inyoung you

Case Against Woman Charged in Boyfriend's Suicide to Proceed

Prosecutors say the manslaughter case against a former Boston College student accused of encouraging her boyfriend to take his own life will head toward trial

The manslaughter case against a former Boston College student accused of encouraging her boyfriend to take his own life will head toward trial, prosecutors said Friday.

A court this week partially denied the defense's motion to dismiss, finding that Inyoung You's words could have caused Alexander Urtula to kill himself, Suffolk County District Attorney Rachael Rollins' office said. The judge did dismiss one of the prosecution's theories, ruling that You's failure to summon help didn't cause his suicide, Rollins' office said.

Prosecutors say You sent Urtula, of Cedar Grove, New Jersey, thousands of messages in the last two months of their relationship, including many urging him to "go kill yourself." Urtula died in Boston on May 20, the day of his Boston College graduation.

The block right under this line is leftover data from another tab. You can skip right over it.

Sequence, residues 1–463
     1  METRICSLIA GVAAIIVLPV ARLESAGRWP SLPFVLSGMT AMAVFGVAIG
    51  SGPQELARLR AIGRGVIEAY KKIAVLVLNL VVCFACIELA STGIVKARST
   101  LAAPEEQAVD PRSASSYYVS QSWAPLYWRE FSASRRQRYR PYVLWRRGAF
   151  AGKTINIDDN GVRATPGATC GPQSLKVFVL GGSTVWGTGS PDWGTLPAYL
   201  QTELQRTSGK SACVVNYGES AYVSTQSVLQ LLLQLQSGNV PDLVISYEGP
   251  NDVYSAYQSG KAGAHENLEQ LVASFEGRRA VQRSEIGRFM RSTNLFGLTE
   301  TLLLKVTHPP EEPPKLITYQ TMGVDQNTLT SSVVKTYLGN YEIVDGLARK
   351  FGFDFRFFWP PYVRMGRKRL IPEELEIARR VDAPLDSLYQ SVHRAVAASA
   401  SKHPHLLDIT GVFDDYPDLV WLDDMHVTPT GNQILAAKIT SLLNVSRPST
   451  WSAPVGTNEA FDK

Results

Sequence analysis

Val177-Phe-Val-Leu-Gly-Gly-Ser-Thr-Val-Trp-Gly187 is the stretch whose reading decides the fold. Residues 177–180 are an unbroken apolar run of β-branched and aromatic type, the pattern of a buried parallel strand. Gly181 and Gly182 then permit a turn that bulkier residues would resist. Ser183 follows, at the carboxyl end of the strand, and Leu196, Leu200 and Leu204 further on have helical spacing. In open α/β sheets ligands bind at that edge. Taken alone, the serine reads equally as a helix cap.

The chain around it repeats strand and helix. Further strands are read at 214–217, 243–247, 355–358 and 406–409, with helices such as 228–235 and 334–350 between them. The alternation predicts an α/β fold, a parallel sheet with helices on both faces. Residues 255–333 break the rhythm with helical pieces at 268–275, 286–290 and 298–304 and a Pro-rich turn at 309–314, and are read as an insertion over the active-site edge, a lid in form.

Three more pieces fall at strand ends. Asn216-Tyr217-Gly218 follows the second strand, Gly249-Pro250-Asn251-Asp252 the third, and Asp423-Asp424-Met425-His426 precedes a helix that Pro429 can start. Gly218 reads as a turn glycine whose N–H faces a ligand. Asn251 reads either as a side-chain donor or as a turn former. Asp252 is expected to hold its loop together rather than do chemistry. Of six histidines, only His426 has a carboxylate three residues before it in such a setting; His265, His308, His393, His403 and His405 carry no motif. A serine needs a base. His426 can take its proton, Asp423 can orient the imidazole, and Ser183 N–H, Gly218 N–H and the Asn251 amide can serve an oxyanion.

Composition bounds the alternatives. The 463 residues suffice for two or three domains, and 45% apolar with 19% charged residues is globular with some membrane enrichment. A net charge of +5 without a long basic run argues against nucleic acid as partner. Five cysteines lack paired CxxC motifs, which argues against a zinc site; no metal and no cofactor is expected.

A Boston College student pleaded not guilty Friday in her first court appearance on charges that she encouraged her boyfriend to take his own life.

The case grimly echoes that of Michelle Carter, who garnered headlines and an HBO film. The young Massachusetts woman was sentenced to 15 months in jail after she was convicted in 2017 of involuntary manslaughter for using text messages and phone calls to encourage her boyfriend, Conrad Roy, to kill himself in 2014.

An attorney for You said the defense is pleased that the court dismissed one of the prosecution's two theories.

"With respect to the single remaining theory, the Court noted that this is an incredibly complex area of law and that unlike in the Carter case Ms. You repeatedly begged her boyfriend not to commit suicide. We think this is a critical fact which will ultimately exonerate Ms. You," Howard Cooper said in a statement.

An illustration showing some of the texts Inyoung You reportedly sent to Alexander Urtula before he killed himself.

If you are in crisis, call the National Suicide Prevention Lifeline at 800-273-8255 or reach out to the Crisis Text Line by texting "Home" to 741741.

Copyright AP - Associated Press
Contact Us